Nevada is one of the most seismically active states in the country, ranking third after California and Alaska. To blame are the state's many faults, found at the base of almost every mountain range. The basin and range topography of the Great Basin is caused by movement along these faults. As these mountain ranges continue to grow through fault-block activity, earthquakes continue to occur.
What is a Fault?
A fault is simply a fracture in the earth's crust. Movement along faults displace the rock layers on either side. The mountains in much of the Great Basin are large blocks of rock that have been uplifted and tilted by normal activity along fault lines. The basins between the mountains, on the opposite sides of the faults, have slipped downward, and have been filled in and leveled by erosion of the mountains above. Geologists refer to these landforms as "fault-block mountains."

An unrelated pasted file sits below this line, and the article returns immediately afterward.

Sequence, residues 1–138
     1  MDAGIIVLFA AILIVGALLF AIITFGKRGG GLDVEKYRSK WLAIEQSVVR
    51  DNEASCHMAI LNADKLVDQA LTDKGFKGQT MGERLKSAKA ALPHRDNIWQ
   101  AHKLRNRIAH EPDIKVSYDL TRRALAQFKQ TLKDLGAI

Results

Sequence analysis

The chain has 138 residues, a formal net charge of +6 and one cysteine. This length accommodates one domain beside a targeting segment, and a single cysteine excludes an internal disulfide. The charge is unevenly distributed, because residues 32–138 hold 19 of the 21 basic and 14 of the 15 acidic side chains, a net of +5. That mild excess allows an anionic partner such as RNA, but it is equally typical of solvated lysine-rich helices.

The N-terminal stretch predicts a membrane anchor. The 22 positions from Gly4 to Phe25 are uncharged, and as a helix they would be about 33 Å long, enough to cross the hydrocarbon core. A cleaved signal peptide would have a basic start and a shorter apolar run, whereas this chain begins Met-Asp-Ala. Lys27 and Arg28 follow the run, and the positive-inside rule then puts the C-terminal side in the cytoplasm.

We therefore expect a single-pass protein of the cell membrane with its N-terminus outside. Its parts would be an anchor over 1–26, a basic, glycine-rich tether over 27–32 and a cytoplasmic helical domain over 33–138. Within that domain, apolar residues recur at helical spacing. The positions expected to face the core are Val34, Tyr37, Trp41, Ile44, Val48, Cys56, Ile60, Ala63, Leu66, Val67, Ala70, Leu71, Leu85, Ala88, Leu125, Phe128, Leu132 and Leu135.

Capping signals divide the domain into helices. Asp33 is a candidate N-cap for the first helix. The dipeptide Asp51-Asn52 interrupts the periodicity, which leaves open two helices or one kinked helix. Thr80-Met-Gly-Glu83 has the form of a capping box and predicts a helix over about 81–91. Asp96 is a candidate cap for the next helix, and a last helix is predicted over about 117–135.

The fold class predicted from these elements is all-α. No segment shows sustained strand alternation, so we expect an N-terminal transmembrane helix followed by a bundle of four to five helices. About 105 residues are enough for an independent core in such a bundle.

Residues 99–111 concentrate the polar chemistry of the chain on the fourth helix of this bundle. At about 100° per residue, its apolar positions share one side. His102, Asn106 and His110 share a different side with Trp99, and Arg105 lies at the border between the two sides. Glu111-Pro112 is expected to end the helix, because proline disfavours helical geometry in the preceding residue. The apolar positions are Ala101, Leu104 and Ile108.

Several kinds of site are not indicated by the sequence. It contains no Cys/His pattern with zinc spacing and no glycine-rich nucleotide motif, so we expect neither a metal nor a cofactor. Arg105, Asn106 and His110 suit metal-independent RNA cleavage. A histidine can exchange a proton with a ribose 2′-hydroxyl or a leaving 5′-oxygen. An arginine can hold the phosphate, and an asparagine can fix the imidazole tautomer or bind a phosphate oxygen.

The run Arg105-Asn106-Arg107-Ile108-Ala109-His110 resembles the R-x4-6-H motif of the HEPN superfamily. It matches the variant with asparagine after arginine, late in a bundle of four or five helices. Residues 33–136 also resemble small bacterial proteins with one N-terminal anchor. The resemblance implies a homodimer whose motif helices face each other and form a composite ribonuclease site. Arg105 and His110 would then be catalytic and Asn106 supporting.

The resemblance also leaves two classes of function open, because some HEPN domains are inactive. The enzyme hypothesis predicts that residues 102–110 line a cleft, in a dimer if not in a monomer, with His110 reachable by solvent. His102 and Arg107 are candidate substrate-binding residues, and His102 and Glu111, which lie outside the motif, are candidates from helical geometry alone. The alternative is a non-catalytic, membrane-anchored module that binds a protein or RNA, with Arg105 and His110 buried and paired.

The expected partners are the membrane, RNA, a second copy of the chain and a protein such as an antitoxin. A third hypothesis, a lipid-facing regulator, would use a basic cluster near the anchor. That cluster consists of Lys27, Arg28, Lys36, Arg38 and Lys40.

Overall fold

Most earthquake activity occurs along the eastern Sierra Nevada mountains, on the Nevada's western border. The most powerful earthquake recorded in the state was a 7.6 magnitude quake that occured near Winnemucca in 1915.
While earthquakes don't occur at any regular interval, historically the frequency of an earthquake of magnitude 6 or higher has been one every 10 years, and for magnitude 7 or higher, one every 27 years.